MICHAEL KNOX, CHIEF ECONOMIST, RBS MORGANS: We were saved by the best government in the world, and
it was Chinese. If you look back at the national accounts of the period, what we see, it was the
improvement in real net exports rather than domestic demand that saved the Australian economy from
going into recession.

GREG HOY: And already the Australian Bureau of Resource Economics has reported the volume of coal
and iron ore shipments in the last quarter hit a record high amidst predictions global prices for
coal and iron ore could soar by more than 60 per cent in the next month. Together with new project
investment, it raises the prospect: if China's resolve and Australia's luck holds that we are
facing a resources boom beyond any previously seen in Australia.

JAMES PEARSON: When people think about booms, they think about something that's going to get a few
people rich and get them rich quickly. I'm talking about a sustained period of high rates of
economic growth that should be of benefit to the whole nation, not just West Australia. That
requires sensible policy decisions in the near future by Perth and Canberra to make the most of
this opportunity.

GREG HOY: One bellwether of the Australian economy's prospects is the value of the dollar, which
has soared to record levels against most other world currencies. But opinions vary as to whether
the Aussie will continue its ascendency against the US Greenback.

RICHARD GRACE, CHIEF CURRENCY STRATEGIST, CBA: We're not expecting to reach parity, because we
think the US dollar will firm, preventing the Australian dollar from getting to parity.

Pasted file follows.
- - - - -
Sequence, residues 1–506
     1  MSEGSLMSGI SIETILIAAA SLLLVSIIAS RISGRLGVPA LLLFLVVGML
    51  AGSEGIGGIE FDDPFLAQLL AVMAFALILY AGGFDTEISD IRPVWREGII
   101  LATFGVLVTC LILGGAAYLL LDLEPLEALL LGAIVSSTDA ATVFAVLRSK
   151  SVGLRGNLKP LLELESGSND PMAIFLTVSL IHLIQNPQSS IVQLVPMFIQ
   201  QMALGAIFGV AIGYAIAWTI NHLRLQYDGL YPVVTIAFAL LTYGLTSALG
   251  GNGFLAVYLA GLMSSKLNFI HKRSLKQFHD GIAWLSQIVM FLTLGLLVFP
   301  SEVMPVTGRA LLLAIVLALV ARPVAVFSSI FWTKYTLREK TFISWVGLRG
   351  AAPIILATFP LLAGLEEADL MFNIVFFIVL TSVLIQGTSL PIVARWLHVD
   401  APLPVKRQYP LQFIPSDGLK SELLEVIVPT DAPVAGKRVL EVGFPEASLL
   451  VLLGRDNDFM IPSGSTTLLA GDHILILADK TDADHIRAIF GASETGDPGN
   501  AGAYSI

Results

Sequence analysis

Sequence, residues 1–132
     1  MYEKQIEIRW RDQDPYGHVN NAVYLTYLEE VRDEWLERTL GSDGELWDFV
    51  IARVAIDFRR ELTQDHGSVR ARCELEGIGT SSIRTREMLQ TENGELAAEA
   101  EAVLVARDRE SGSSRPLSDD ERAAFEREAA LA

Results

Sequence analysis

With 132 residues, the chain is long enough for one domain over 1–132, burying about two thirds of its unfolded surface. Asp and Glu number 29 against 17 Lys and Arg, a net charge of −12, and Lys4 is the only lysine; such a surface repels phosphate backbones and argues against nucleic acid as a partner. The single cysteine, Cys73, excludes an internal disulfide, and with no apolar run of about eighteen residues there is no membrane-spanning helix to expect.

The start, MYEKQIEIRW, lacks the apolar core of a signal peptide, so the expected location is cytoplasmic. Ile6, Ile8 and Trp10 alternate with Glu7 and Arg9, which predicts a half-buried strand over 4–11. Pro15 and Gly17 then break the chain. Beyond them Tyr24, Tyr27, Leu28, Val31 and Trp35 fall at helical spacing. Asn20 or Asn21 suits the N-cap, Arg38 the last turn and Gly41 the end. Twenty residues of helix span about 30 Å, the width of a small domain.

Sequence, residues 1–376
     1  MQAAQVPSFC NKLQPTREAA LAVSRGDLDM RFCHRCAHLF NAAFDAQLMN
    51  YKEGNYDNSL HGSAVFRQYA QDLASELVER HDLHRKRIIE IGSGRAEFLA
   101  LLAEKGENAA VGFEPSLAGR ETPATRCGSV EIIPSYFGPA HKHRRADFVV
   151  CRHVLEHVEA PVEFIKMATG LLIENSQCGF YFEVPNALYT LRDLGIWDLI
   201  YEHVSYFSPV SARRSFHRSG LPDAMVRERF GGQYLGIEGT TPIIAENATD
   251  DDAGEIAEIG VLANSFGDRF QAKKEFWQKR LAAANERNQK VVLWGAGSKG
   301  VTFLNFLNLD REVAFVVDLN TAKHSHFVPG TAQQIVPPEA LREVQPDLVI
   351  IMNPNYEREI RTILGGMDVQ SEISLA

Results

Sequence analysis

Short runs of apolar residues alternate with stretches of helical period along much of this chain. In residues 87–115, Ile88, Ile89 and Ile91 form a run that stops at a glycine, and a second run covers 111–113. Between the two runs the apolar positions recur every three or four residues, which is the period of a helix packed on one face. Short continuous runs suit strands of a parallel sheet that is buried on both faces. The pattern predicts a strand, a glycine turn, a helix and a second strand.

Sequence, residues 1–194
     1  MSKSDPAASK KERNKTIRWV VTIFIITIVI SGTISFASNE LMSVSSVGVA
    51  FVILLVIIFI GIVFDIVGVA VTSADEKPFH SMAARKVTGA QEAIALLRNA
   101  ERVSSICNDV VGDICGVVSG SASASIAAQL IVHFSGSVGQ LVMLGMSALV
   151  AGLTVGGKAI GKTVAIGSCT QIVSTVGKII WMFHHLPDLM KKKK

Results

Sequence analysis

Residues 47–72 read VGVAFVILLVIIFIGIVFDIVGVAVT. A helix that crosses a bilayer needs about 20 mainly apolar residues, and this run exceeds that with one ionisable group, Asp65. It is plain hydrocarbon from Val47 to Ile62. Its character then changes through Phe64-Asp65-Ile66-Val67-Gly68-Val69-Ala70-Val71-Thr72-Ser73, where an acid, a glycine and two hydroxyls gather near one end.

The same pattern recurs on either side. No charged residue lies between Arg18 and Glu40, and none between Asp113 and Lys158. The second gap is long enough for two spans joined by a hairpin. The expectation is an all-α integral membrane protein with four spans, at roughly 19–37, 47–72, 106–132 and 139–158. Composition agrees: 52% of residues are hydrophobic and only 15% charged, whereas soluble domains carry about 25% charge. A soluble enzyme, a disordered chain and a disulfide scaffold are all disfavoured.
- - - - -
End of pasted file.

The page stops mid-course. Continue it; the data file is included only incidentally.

MICHAEL KNOX: The US dollar will go down this year and next year and the Australian dollar will go
up relative to the falling US dollar. Right now we think that fair value of the Aussie dollar is
about 95 cents, but we think that fair value's gonna will drift up as we go through the year and
perhaps be over parity next year.

GREG HOY: But like China's political leaders, currency strategists must identify potential threats
to the confidence of the global economy, like a looming deadline at the end of March for the US
Federal Reserve to get out of the habit of buying toxic mortgage debt to prop up the huge US
government lending agencies Freddie Mac and Fannie May, which in turn prop up the US housing
market. It's a process soothingly called quantitative easing, and it must stop, analysts believe,
to increase confidence in the global economy.

RICHARD GRACE: You could envisage that scenario where the Fed comes in and has to undertake more
purchases of agency dead, so in a sense undertake more quantitative easing. Now the announcement of
that would be very negative for the US dollar and it would certainly be very positive for the
Australian dollar and you could envisage that would push the Australian dollar up towards parity.

GREG HOY: To fortify the Australian economy against such worst case scenarios and to even out the
boom and bust cycles, Australian business is calling for a list of significant reforms to maximise
benefits of the looming resources boom, commencing by diverting some of the remaining government
stimulus spending budget to deliver essential infrastructure.

GRAHAM BRADLEY: We need to have and build on the reforms of the last 30 years, which have opened up
our economy to trade, made our businesses more competitive.

GREG HOY: That means fundamental tax, labour and other reforms, business says, a view that is
shared in Western Australia, where the prospect of acute labour shortages across the economy looms
large as workers are increasingly lured by lucrative jobs in the resources sector.

JAMES PEARSON: West Australia needs more people and it needs them now. That means that the overall
migration intake for the nation might have to be changed. Certainly it has to be changed for
Western Australian because we have to have those people if we're going to turn these planned
projects into reality.

GREG HOY: It's the price of success in hitching a ride on the tail of the dragon economy and other
resource hungry nations of Asia, however long that ride may last this time.

KERRY O'BRIEN: Business editor Greg Hoy.